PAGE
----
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The Hacktivist Gunslinger

If cyberspace is the world’s new wild, wild West, the hacktivist is the new outlaw.

By  Coletta Kemper

What costs more than the $288 billion black market for marijuana, cocaine and heroin combined? You expose yourself to it every day, at your home and at your office, every time you log in to your computer. It’s cybercrime, of course, and its cost in time, money and reputation is enormous and growing.

Norton, an Internet security firm, says the cost of global cybercrime reached $388 billion last year. The Ponemon Institute estimates the average cost of a data breach hit $7.1 million last year—$214 for each compromised data record. Sony estimates that data breaches it suffered last year will cost $200 million (some think it will be much more). The software firm McAfee estimates that, in 2008, “companies worldwide lost more than $1 trillion from IP and data theft.”

No one is immune. Every 19 seconds someone somewhere is victimized by cybercrime. Small and large businesses, governments, nonprofits and individuals have all been targets. Cyber risks come in many forms, from malicious hacking to identity theft to espionage and terrorism.

Last year McAfee uncovered a massive cyber spying operation, likely carried out by China, dubbed “Operation Aurora.” The malware attacked Google, Adobe, Northrop Grumman, Dow Chemical, the United Nations and dozens more companies, governments and nonprofits around the world. The attacks were systematic, sophisticated and well resourced—the type of attack often launched by a government or an organized crime group.

Loose-knit hacktivist groups, such as Anonymous and LulzSec, recently wreaked havoc on some very high-profile targets, including the Vatican, Sony and the CIA. A LulzSec leader who threatened to burn down the White House was recently arrested. Hacktivists are not just computer geeks living in their parents’ basements looking for some excitement. They can attack anytime, anyplace and anyone.

Even scarier, the world’s most critical infrastructures—oil, gas and electric grids—are at risk. A 2010 report by McAfee and the Center for Strategic and International Studies, “In the Crossfire: Critical Infrastructure in the Age of Cyberwar,” said nearly 70% of those surveyed frequently found malware designed to sabotage their systems.

What’s troubling is how few are prepared. In a 2011 follow-up report, McAfee found only a handful of those responding to the survey use sophisticated off-site security measures, a quarter have tools in place to monitor networks, and only 36% use tools to detect anomalies. Yet nearly 40% expect a major attack within the year. To make matters worse, recession-driven cutbacks in security have left many companies exposed.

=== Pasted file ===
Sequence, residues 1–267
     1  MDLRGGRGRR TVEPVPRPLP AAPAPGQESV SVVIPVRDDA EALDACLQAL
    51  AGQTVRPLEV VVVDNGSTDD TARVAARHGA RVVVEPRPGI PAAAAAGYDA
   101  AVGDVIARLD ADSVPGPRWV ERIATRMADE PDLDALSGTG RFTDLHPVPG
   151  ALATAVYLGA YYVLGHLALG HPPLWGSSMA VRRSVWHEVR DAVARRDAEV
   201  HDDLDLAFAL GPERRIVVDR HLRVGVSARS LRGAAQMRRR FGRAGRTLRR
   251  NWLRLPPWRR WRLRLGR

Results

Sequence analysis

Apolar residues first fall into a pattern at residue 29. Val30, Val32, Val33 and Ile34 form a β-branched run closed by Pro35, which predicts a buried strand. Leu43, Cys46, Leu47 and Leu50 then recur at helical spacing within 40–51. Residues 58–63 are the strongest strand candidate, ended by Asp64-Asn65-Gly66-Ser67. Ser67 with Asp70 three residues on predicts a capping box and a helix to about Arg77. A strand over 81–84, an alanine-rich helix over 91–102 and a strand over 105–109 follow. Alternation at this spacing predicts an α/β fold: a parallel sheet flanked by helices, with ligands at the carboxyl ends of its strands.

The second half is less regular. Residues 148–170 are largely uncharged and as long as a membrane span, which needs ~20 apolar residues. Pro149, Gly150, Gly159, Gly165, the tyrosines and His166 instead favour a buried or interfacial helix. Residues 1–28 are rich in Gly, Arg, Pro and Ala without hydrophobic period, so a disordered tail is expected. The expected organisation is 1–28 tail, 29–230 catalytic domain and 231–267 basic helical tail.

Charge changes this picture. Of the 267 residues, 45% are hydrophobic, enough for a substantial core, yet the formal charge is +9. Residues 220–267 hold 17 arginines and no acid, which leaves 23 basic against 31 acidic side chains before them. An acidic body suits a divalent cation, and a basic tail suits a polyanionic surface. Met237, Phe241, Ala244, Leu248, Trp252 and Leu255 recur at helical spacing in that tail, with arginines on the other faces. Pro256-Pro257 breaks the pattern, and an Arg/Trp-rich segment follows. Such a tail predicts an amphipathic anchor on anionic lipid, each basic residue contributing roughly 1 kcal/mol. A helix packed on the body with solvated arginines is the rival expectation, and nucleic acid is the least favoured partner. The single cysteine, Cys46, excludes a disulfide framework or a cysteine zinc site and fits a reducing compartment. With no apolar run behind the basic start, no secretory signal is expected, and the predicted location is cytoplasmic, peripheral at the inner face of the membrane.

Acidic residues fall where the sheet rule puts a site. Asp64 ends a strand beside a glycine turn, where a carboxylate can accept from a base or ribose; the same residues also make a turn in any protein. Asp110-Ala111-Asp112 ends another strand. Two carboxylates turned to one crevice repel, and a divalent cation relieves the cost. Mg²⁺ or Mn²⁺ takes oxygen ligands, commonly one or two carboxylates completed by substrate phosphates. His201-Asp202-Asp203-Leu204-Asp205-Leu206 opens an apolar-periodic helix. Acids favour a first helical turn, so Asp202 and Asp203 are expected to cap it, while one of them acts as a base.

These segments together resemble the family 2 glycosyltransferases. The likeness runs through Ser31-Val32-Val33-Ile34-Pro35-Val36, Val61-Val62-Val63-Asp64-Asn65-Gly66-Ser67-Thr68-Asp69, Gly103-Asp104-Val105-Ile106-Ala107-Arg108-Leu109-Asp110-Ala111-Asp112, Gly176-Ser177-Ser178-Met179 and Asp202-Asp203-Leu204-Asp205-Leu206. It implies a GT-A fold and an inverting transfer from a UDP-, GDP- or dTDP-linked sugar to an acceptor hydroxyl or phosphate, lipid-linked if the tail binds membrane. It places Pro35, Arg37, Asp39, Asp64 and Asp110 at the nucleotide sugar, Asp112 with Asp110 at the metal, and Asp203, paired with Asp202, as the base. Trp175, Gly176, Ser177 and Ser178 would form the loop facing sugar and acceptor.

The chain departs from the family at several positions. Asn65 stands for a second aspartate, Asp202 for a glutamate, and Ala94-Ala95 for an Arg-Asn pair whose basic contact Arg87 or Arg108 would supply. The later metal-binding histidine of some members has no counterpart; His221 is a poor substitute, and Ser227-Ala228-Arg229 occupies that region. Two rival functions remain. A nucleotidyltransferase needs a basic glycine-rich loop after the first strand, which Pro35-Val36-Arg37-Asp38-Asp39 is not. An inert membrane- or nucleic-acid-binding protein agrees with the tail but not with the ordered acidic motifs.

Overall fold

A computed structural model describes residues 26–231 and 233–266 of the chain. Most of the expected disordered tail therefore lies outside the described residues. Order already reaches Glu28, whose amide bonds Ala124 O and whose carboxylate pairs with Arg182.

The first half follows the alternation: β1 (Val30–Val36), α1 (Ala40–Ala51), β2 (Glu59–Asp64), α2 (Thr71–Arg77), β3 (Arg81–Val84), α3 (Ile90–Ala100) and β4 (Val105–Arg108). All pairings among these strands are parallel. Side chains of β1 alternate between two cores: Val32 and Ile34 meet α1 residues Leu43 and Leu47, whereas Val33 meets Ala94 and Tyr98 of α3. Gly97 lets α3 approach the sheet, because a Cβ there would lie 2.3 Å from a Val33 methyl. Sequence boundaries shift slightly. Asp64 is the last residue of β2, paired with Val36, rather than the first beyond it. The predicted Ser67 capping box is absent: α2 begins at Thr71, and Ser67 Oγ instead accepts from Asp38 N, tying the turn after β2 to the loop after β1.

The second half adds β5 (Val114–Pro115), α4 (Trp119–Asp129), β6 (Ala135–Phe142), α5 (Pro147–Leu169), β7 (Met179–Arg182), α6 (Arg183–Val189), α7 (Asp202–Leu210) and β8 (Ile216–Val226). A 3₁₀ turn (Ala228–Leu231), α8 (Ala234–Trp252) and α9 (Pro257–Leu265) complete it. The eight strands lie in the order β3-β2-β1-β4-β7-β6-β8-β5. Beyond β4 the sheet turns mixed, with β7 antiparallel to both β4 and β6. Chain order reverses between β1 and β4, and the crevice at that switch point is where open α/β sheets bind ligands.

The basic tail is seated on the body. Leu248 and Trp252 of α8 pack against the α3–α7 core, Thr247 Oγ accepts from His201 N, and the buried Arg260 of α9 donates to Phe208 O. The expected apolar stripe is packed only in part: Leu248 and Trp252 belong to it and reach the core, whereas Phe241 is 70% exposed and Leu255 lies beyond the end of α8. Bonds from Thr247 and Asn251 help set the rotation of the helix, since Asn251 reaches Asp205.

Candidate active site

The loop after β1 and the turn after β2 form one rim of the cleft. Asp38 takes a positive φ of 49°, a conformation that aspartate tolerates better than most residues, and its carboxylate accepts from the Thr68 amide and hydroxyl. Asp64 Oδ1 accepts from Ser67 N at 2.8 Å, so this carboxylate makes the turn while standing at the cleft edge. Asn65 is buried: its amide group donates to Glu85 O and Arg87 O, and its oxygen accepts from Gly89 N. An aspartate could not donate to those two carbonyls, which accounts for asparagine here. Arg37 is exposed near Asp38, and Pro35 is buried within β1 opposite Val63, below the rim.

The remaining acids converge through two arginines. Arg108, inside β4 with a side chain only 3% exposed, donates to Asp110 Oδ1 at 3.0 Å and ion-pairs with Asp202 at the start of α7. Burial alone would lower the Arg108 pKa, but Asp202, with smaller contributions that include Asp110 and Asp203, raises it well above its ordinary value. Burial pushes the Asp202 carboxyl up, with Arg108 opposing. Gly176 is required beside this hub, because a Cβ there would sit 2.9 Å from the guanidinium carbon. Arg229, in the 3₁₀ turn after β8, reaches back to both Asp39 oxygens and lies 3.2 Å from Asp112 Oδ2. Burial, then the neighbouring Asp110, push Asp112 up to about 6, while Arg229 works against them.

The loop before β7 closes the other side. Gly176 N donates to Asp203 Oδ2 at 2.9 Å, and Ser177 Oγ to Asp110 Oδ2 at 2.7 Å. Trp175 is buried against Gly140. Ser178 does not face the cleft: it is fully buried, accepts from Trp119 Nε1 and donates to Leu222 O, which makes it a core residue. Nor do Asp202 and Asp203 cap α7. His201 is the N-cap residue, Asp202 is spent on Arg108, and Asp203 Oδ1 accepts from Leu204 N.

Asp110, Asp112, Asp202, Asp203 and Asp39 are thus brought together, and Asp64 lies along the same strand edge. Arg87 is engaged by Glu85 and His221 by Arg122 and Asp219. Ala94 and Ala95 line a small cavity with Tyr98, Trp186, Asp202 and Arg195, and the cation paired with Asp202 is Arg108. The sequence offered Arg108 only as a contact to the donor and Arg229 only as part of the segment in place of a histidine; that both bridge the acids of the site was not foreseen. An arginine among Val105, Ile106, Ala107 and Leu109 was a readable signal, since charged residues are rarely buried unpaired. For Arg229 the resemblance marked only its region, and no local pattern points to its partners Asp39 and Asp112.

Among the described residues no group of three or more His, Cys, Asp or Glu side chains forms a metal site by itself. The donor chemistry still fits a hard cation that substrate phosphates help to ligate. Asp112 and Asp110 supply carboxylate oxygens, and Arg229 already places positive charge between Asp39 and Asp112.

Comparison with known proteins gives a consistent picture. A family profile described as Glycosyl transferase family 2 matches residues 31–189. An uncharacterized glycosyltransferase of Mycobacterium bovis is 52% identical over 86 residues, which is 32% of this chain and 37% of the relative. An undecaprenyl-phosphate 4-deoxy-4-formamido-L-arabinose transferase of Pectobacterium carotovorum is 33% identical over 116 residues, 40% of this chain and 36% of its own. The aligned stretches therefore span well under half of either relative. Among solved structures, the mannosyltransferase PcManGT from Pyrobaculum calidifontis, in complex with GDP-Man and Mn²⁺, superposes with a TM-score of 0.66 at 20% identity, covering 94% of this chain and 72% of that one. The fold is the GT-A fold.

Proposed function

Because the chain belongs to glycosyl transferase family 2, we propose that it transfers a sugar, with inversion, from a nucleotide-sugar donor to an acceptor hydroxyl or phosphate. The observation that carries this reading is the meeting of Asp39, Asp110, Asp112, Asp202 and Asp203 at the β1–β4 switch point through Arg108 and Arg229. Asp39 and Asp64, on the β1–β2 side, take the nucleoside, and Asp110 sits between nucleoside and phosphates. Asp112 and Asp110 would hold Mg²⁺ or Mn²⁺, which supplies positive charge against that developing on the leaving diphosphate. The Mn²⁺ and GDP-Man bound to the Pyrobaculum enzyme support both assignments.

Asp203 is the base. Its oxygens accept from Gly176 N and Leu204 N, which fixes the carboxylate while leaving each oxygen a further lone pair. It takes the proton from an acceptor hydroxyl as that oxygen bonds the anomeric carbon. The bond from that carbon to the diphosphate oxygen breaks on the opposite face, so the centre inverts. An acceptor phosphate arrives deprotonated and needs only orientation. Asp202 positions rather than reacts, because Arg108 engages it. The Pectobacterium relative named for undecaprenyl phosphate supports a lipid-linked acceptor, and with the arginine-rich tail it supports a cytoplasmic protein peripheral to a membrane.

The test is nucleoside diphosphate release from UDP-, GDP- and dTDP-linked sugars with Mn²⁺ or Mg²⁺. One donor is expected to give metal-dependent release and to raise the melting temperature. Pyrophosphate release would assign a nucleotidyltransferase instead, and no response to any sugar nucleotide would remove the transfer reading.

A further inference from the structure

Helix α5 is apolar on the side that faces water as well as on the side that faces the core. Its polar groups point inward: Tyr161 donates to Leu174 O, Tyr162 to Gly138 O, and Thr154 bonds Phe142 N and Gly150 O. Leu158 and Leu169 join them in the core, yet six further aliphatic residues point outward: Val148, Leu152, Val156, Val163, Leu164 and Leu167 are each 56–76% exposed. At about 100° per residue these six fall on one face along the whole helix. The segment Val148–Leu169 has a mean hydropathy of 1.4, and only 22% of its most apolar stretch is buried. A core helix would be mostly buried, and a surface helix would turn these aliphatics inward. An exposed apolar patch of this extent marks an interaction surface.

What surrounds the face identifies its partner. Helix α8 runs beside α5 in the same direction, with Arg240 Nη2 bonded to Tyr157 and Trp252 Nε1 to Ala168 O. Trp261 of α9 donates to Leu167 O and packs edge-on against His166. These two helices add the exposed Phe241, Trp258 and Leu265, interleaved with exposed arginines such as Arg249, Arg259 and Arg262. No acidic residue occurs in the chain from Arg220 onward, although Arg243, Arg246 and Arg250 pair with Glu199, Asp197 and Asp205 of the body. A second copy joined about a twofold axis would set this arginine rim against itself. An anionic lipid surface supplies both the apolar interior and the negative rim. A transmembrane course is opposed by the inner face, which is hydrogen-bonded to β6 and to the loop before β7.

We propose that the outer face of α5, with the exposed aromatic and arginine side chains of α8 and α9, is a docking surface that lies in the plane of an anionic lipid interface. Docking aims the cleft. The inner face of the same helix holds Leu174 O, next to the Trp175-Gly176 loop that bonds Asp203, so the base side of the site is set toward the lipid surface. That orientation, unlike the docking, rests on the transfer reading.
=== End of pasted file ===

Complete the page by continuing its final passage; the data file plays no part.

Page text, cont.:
With the threat to consumers, industry, the infrastructure and national security growing, you would think governments would place a priority on cyber risks. Interestingly, China, Italy and Japan have twice the security measures in place as Brazil, France and Mexico. The U.S. and the EU lag behind. The most vulnerable to attack are the U.S., Russia and China.

Governments are stepping up, but not soon enough. The EU is considering a new directive to harmonize data privacy laws across Europe, but the process could take several years to ratify. A number of EU countries are acting on their own and adopting data privacy regulations that require data breach notification to customers.

U.S. privacy laws vary state-to-state, but 46 states require organizations to notify customers of data breaches. There is no federal law, but the Obama administration supports one. Last October the Securities and Exchange Commission issued new guidelines on corporate responsibility for disclosing cyber attacks and their cost to shareholders. The guidelines also require companies to disclose “a description of relevant insurance coverage.”

Cyber liability insurance is a new frontier. Advisen research found that only a third of the companies it surveyed had a cyber insurance policy. Despite the increase in cyber risks and the potential harm an attack can do to customers and a company’s reputation, many companies don’t think they need it or figure other policies will cover their losses. The bad news is they often don’t. Sony is still battling with its insurers over coverage of its cyber attack.

Emily Freeman, a cyber insurance broker at Lockton, says most policies cover the “twin risks of privacy and security.” Policies can include business interruption, notification costs, class-action lawsuits, IT forensic auditing, legal costs, fines and extortion.

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